Basics of Cloud Computing: Virtualization

The article will provide an in-detail explanation of the concept of Virtualization which happens to be a very crucial component of Cloud Systems. This article is the third part of the ‘Basics of Cloud Computing’ blog. I would highly recommend the reader to go through previous articles of the blog.

Previously, I have mentioned the term, ‘Cloud Technology stack’ which refers to an organized view of the technologies used to build a cloud ecosystem. The stack consists of three layers – creates valued services on the top of the hardware components and delivers these services to users through their cloud clients like web browsers or native apps hosted on their personal devices. I would prefer to take the bottom-up approach while initiating the discussion.

The interconnected hardware devices that make the hardware platform serve the basis of infrastructure. I shall not discuss the physical servers, storage disks or networks as I assume it to be an obvious thing for IT users. The terminology will be plain and simple throughout the discussion.

The IaaS layer consists of a set of software tools, called Cloud toolkits, which interface with the cloud hardware layer. The toolkits comprise of two essential concepts which are namely:

  • Virtualization
  • Cloud Orchestration

While Virtualization will be covered in this article, I have decided to cover Cloud Orchestration in my next article. I believe this would make the learning curve a tad less complicated.

Virtualization is the buzz word nowadays and is the key component in building a system which runs on a Cloud-based platform. Virtualization refers to creating a virtual version of computing hardware, be it a server machine, storage container, operating system or even network resource. In simple terms, hardware virtualization pertains to the task of making a hardware platform capable of running multiple copies of operating systems or multiple sessions of single OS simultaneously. In this process, each copy of OS is isolated from all other copies in all reasonable terms while adhering to the internal communication guidelines.

The Abstraction:

The hardware platform is plain and practically useless without a software component operating on it. This software known as a Virtual Machine Manager or a Hypervisor enables the available hardware resources to be fragmented into different virtual machines each being allocated with resources like RAM, processing power, and storage etc. This software controls and manages virtual machines. An operating system on a virtual machine is treated as a bundle of programs along with their states by this parent software platform. OS in such incarnation can be readily be used without going through the process of installations and configurations. On the other hand, these virtual machines are set up to block undesired traffic from other virtual machines. In a networking framework, this mimics the traditional world. IPs and subnet masks are allocated to virtual machines to make virtualization complete.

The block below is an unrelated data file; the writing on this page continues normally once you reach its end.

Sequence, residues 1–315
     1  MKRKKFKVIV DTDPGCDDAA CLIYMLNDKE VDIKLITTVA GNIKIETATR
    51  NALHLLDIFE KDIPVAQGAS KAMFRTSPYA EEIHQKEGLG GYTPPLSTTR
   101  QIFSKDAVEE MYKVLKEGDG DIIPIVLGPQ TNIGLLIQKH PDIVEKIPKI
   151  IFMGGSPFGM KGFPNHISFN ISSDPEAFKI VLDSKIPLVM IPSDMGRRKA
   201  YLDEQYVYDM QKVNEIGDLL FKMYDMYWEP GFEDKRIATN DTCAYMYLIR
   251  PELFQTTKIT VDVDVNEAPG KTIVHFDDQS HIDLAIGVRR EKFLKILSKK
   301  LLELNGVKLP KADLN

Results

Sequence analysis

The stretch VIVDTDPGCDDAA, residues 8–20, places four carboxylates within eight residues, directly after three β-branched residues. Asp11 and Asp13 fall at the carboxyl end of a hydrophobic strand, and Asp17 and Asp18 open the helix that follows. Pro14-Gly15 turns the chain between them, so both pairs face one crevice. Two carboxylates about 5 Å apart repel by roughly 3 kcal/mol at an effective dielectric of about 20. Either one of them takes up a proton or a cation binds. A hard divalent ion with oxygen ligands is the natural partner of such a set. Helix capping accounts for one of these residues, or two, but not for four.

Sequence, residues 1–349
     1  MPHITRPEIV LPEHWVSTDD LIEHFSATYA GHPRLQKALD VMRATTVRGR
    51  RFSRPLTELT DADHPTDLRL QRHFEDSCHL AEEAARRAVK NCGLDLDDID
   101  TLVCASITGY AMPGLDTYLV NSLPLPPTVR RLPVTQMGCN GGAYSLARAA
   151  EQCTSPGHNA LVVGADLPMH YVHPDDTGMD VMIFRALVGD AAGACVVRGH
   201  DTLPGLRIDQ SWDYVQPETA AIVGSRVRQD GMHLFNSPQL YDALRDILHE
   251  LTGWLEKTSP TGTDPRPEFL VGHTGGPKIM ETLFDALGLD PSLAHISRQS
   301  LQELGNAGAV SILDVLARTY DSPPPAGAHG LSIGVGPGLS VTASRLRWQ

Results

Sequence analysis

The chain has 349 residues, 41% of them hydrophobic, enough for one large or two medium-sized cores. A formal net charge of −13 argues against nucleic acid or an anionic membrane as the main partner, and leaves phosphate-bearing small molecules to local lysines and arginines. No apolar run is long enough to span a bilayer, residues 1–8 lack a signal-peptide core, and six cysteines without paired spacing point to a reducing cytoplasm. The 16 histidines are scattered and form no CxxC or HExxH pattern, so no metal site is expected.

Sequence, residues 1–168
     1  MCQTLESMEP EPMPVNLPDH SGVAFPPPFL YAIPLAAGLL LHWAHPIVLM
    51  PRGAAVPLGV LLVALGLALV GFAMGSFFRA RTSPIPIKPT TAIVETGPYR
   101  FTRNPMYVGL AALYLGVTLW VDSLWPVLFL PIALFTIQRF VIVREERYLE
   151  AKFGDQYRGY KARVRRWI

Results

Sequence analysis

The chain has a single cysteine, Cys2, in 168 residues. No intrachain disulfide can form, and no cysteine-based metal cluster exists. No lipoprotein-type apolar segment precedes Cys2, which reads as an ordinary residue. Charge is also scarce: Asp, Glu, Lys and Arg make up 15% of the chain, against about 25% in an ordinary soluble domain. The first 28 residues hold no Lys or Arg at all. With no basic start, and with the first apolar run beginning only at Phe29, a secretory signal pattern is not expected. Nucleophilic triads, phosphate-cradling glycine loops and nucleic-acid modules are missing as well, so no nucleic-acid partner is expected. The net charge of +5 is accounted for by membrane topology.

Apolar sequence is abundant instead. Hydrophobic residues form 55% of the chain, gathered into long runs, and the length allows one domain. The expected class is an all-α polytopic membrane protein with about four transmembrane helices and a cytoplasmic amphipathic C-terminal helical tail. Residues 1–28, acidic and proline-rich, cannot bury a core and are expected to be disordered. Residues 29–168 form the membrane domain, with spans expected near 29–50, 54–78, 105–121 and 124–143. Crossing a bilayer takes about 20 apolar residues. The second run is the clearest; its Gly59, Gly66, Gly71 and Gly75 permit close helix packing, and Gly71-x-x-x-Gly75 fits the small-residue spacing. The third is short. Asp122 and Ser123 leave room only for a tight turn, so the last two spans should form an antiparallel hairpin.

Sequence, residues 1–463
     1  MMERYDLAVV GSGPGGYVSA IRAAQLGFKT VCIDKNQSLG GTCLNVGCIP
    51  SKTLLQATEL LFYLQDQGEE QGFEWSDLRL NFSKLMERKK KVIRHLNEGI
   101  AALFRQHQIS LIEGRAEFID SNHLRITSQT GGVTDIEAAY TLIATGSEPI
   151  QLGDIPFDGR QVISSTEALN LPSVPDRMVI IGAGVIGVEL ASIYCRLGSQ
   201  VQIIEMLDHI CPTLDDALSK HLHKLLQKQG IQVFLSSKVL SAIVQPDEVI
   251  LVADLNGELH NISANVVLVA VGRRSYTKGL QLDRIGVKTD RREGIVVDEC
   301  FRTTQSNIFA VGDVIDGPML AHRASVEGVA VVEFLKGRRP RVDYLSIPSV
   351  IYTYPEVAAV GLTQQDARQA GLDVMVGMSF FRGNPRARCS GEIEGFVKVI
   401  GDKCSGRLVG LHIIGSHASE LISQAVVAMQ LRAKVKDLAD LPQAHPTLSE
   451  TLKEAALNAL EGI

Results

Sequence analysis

Image result for virtualization cloud computing model

Well, as it is discussed above, it is evident that we have restricted ourselves to virtualization within a single physical machine. On the other hand, Cloud Computing has already given an adequate amount of expertise to gather multiple machines to enable a distributed environment for computing. Putting both into a single integrated perspective, we can extend the concept of Virtualization across multiple machines spread over multiple geographical locations. And for sure, we add the components like automated tools for provisioning and managing computing resources based on metered usages to realize a comprehensive picture of cloud computing. Moreover, user applications hosted on such a platform is not aware of these altered details while leveraging all advantages like scalability and redundancy associated with the new platform. Application is open to communicate with one another and even across different clouds through their API’s adhering to standard protocols like SOAP, ReST, XML-RPC; and in this way, they scale out horizontally. All these concepts and terminologies will be dealt with later.

Moving back to square one – offerings from Oracle, Microsoft, Citrix are very popular in the segment of Virtualization. Websites will provide the details of these products along with feature comparisons and other technical details. In fact, all major IT companies are investing significantly in achieving a seamless process of virtualization from hardware to application level. The drivers of such effort include the expectations of greater control over the OS and the applications hosted within, provisioning and managing applications, middleware and databases, accelerating application deployment, lower cost, scalability and high availability.

With this, I would like to end our discussion regarding Virtualization. I believe the reader has a very clear understanding of the concept and is probably a bit inquisitive about the next concept of ‘Cloud Infrastructure Orchestration’ which will be covered in-depth in my next article. It is to be noted that Cloud Computing and Virtualization are two heavily linked, yet completely different concepts. As it must be clear by now, Virtualization is nothing but the controlling of hardware components by technologies relevant to the Software Regime. Virtualization makes it unimaginably easy for the sharing of computing resources which is exactly needed by Cloud Computing to work efficiently at a considerably less cost.

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